What is gestational diabetes?

During pregnancy, a woman’s body needs two to three times more insulin than usual to keep her blood glucose levels normal. Gestational diabetes develops if your pancreas is unable to produce the extra insulin needed, causing above normal blood glucose levels.

Gestational diabetes can be treated with diet and exercise, and will usually improve or disappear after your baby is born. A small number of women may need insulin injections to help control blood glucose levels during pregnancy.

Gestational diabetes can affect both your health and the health of your unborn baby. In an unborn baby, it may cause defects in the heart, skeleton and muscles (congenital abnormalities) or in the part of the nervous system composed of the brain and spinal cord. If you have gestational diabetes, your doctor will need to monitor your blood glucose levels, and you may need to make changes to your diet. Your doctor or a dietitian can provide advice about this.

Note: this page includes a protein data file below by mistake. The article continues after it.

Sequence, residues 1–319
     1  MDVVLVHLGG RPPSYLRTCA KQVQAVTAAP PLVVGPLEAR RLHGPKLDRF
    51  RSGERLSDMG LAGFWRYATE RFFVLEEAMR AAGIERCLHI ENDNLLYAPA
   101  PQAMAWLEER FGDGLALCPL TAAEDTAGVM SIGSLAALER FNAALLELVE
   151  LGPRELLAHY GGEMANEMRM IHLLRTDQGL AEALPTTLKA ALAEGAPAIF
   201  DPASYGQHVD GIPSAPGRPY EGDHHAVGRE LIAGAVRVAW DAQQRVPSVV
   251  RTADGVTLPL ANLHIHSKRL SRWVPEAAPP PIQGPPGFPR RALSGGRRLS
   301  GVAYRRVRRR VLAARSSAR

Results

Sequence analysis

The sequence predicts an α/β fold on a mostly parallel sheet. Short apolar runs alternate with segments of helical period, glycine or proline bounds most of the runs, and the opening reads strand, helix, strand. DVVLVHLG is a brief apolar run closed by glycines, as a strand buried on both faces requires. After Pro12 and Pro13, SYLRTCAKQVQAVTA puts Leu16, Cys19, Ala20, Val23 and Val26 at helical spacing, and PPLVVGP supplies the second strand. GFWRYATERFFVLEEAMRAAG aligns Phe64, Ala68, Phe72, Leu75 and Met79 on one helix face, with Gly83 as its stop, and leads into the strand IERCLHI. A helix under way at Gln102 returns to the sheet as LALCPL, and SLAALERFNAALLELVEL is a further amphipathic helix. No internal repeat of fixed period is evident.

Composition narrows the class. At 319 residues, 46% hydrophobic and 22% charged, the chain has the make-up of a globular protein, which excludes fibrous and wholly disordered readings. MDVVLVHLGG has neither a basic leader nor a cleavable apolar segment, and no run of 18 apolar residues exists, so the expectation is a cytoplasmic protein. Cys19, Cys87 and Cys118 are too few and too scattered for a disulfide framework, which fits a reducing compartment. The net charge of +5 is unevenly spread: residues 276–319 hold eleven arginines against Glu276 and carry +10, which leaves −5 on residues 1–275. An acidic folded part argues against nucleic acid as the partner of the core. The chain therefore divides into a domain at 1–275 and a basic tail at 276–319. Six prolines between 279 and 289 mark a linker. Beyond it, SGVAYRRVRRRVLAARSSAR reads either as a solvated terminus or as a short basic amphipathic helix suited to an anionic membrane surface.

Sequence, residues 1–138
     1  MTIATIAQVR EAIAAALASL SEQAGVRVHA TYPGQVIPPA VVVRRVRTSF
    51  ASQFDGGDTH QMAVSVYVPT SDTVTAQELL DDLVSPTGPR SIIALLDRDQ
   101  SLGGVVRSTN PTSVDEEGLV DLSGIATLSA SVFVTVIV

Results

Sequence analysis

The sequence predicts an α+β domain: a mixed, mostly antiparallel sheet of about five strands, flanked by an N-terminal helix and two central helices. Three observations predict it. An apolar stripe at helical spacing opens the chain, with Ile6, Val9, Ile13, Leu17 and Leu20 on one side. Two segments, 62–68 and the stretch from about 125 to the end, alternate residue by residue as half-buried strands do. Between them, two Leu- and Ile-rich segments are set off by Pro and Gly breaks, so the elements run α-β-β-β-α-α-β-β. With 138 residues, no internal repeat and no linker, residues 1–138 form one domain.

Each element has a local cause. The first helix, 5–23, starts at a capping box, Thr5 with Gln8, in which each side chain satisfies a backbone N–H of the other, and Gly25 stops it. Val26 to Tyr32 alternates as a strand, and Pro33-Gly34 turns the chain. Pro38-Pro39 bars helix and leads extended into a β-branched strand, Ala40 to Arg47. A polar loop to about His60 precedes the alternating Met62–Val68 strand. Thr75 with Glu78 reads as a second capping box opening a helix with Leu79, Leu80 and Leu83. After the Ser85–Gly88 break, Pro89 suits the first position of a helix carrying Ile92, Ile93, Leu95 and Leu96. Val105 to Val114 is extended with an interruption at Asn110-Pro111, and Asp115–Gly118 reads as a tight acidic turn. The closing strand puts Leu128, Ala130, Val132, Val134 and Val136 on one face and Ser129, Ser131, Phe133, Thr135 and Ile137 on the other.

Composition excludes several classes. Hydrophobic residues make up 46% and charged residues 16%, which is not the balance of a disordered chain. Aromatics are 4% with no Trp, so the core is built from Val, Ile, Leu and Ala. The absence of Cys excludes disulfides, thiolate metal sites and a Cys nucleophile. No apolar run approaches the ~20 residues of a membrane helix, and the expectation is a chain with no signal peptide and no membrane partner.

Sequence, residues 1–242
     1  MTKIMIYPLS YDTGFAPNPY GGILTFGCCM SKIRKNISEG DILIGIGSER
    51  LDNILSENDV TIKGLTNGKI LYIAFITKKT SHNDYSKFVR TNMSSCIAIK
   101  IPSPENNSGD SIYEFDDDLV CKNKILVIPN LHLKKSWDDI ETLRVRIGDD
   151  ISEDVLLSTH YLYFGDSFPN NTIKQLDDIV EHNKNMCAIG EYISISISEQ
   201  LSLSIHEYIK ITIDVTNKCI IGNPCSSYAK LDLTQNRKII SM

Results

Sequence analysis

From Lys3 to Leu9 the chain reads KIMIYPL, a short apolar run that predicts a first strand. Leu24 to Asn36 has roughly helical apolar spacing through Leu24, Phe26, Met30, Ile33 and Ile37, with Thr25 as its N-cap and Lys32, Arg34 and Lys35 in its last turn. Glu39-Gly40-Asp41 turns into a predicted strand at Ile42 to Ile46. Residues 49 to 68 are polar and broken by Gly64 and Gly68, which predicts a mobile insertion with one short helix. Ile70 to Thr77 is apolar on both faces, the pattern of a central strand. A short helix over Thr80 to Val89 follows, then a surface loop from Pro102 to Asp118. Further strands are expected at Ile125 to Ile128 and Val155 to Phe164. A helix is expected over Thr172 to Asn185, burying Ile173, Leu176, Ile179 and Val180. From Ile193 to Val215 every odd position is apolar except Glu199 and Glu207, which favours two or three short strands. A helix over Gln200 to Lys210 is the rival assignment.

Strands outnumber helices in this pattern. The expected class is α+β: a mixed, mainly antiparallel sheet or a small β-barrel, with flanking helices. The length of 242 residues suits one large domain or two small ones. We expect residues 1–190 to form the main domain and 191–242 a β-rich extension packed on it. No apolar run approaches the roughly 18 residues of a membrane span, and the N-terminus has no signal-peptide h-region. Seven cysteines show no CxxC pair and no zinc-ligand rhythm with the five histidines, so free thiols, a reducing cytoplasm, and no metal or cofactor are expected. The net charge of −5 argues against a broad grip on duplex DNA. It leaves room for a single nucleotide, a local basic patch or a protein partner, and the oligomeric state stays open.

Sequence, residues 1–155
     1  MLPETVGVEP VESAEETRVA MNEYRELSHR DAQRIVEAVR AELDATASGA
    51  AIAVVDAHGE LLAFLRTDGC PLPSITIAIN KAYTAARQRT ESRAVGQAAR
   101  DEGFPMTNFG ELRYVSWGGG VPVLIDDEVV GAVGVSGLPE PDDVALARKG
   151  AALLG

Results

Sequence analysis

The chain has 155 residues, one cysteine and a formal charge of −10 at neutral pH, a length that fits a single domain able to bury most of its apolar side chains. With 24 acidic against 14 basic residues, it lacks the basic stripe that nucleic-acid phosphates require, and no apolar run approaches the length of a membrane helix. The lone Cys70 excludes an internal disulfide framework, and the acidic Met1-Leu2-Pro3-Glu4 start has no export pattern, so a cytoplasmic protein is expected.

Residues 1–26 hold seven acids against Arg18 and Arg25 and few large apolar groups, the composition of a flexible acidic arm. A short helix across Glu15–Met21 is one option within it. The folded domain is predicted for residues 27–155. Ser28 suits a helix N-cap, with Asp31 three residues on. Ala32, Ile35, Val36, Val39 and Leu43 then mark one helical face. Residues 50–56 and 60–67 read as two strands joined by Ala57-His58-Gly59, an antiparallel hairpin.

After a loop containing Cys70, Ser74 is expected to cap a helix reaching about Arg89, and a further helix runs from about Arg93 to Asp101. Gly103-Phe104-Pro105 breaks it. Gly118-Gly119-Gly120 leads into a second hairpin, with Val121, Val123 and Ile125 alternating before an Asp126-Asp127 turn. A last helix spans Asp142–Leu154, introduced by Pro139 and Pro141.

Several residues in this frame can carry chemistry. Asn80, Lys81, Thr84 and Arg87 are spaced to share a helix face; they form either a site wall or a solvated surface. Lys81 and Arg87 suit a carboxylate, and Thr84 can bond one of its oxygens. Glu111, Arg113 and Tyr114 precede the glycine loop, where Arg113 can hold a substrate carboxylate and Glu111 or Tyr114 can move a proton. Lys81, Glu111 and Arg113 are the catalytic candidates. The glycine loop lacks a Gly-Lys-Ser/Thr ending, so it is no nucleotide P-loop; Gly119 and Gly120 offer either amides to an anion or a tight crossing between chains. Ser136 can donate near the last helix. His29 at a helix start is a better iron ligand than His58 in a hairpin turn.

About 10% to 50% of women who have gestational diabetes will go on to develop type 2 diabetes later in life. If you develop gestational diabetes, your doctor may test you for diabetes 3 months after your baby is born, and every 1 or 2 years after that.

If you have had gestational diabetes, maintaining a healthy weight, and regular physical activity and exercise will help to prevent diabetes in the future.